American dipper

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American dipper
American Dipper.jpg
Scientific classification edit
Kingdom: Animalia
Phylum: Chordata
Class: Aves
Order: Passeriformes
Family: Cinclidae
Genus: Cinclus
Species:
C. mexicanus
Binomial name
Cinclus mexicanus
Swainson, 1827
Cinclus mexicanus map.svg
Distribution map
Juvenile in Nason Creek, Washington, USA
Subspecies C. m. ardesiacus, lithograph by Joseph Wolf, 1867
Swimming

The American dipper (Cinclus mexicanus), also known as a water ouzel, is a stocky dark grey bird with a head sometimes tinged with brown, and white feathers on the eyelids that cause the eyes to flash white as the bird blinks. It is 16.5 cm (6.5 in) long and weighs on average 46 g (1.6 oz). It has long legs, and bobs its whole body up and down during pauses as it feeds on the bottom of fast-moving, rocky streams. It inhabits the mountainous regions of Central America and western North America from Panama to Alaska.

Taxonomy[edit]

The American dipper was described by the English zoologist William John Swainson in 1827 and given the binomial name Cinclus mexicanus.[2] The type locality is Temascaltepec de González in Mexico.[3]

There are five subspecies:[4]

  • C. m. unicolor Bonaparte, 1827 – Alaska, west Canada and west USA
  • C. m. mexicanus Swainson, 1827 – north and central Mexico
  • C. m. anthonyi Griscom, 1930 – southeast Mexico, southwest Guatemala, east Honduras and northwest Nicaragua
  • C. m. dickermani Phillips, AR, 1966 – south Mexico
  • C. m. ardesiacus Salvin, 1867 – Costa Rica and west Panama

Description[edit]

This species, like other dippers, is equipped with an extra eyelid called a "nictitating membrane" that allows it to see underwater, and scales that close its nostrils when submerged. Dippers also produce more oil than most birds, which may help keep them warmer when seeking food underwater.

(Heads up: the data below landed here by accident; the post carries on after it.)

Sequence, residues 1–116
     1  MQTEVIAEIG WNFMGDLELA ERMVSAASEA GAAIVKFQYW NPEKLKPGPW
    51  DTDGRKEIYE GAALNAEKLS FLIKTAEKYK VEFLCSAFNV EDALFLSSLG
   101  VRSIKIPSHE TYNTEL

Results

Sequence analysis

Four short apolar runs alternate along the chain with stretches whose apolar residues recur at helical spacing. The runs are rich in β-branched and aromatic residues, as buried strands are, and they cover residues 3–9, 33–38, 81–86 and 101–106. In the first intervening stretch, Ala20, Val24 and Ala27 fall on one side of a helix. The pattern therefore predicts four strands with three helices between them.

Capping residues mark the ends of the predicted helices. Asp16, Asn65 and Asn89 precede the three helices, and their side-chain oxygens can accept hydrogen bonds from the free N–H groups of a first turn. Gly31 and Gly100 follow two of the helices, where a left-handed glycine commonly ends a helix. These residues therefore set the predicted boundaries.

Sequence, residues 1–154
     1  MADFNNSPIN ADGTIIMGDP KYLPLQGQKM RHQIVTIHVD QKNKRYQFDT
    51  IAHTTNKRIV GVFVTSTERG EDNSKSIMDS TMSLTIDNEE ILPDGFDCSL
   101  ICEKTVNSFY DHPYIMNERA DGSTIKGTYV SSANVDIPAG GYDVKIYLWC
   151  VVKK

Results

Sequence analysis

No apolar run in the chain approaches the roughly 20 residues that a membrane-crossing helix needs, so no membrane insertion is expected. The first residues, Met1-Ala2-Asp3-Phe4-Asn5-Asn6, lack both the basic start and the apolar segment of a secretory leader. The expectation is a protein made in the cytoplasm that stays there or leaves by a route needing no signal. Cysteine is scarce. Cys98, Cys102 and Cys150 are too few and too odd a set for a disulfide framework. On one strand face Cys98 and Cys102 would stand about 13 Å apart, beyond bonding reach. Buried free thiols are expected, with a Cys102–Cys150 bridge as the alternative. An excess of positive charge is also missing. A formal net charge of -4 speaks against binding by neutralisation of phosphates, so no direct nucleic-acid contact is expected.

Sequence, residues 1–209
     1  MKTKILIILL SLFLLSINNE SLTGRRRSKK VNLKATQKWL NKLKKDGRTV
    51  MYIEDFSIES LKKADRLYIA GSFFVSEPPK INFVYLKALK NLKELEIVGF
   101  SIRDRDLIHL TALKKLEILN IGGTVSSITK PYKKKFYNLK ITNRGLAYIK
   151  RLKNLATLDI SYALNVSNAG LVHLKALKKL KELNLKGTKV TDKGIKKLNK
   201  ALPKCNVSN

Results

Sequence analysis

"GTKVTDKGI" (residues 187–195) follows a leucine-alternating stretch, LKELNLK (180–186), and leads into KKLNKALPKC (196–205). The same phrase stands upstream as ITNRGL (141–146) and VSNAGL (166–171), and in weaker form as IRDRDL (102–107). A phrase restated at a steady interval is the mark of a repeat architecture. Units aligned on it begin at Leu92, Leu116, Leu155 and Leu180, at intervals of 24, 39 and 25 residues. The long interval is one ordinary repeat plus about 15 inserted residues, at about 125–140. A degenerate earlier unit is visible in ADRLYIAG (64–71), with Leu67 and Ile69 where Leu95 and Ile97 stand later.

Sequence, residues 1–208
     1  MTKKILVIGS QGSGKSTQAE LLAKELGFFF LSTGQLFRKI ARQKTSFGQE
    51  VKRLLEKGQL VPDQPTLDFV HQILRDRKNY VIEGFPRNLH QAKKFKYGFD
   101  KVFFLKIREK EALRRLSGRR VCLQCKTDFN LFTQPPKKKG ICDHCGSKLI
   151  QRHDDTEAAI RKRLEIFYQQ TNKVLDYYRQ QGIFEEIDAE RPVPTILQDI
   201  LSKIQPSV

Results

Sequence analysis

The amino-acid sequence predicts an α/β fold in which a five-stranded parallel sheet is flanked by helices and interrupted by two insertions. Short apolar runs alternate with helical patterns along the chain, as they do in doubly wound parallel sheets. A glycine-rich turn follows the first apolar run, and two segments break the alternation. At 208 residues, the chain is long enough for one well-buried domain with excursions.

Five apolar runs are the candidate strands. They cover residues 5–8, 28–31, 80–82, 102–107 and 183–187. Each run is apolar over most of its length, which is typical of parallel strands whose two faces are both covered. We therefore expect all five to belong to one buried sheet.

The song consists of high whistles or trills peee peee pijur pijur repeated a few times. Both sexes of this bird sing year round.

Distribution and habitat[edit]

The American dipper is usually a permanent resident, moving slightly south or to lower elevations if necessary to find food or unfrozen water. The presence of this indicator species shows good water quality; it has vanished from some locations due to pollution or increased silt load in streams.

Behaviour[edit]

The American dipper defends a linear territory along streams. In most of its habits, it closely resembles its European counterpart, the white-throated dipper, Cinclus cinclus, which is also sometimes known as a Water Ouzel.

Breeding[edit]

The American dipper's nest is a globe-shaped structure with a side entrance, close to water, on a rock ledge, river bank, behind a waterfall or under a bridge. The normal clutch is 2-4 white eggs, incubated solely by the female, which hatch after about 15–17 days, with another 20–25 days to fledging. The male helps to feed the young. The maximum recorded age from ring-recovery data of an American dipper is 8 years and 1 month for a bird ringed and recovered in South Dakota.[5]

Feeding[edit]

It feeds on aquatic insects and their larvae, including dragonfly nymphs, small crayfish, and caddisfly larvae. It may also take tiny fish or tadpoles.

Its habit of diving underwater in search of food can infrequently make it the prey of large salmonids like bull or Dolly Varden trout.[6]

References[edit]

  1. ^ BirdLife International (2012). "Cinclus mexicanus". IUCN Red List of Threatened Species. Version 2013.2. International Union for Conservation of Nature. Retrieved 26 November 2013.
  2. ^ Swainson, William John (1827). "A synopsis of birds discovered in Mexico by W. Bullock F.L.S. and H.S. and Mr. William Bullock, jun". Philosophical Magazine. New series. 1: 364-370 [368].
  3. ^ Mayr, Ernst; Greenway, James C. Jr, eds. (1960). Check-list of Birds of the World. Volume 9. Cambridge, Massachusetts: Museum of Comparative Zoology. p. 378.
  4. ^ Gill, Frank; Donsker, David, eds. (2019). "Dippers, leafbirds, flowerpeckers, sunbirds". World Bird List Version 9.1. International Ornithologists' Union. Retrieved 9 February 2019.
  5. ^ "Longevity Records of North American Birds". United States Geological Survey. Retrieved 13 February 2019.
  6. ^ Elliott, Charles L.; Peck, Steve (December 1980). "Dipper swallowed by trout" (PDF). Wilson Bulletin. 92 (4): 524.
  • Erlich et al. The Birder's Handbook
  • Stiles and Skutch, A guide to the birds of Costa Rica ISBN 0-8014-9600-4

External links[edit]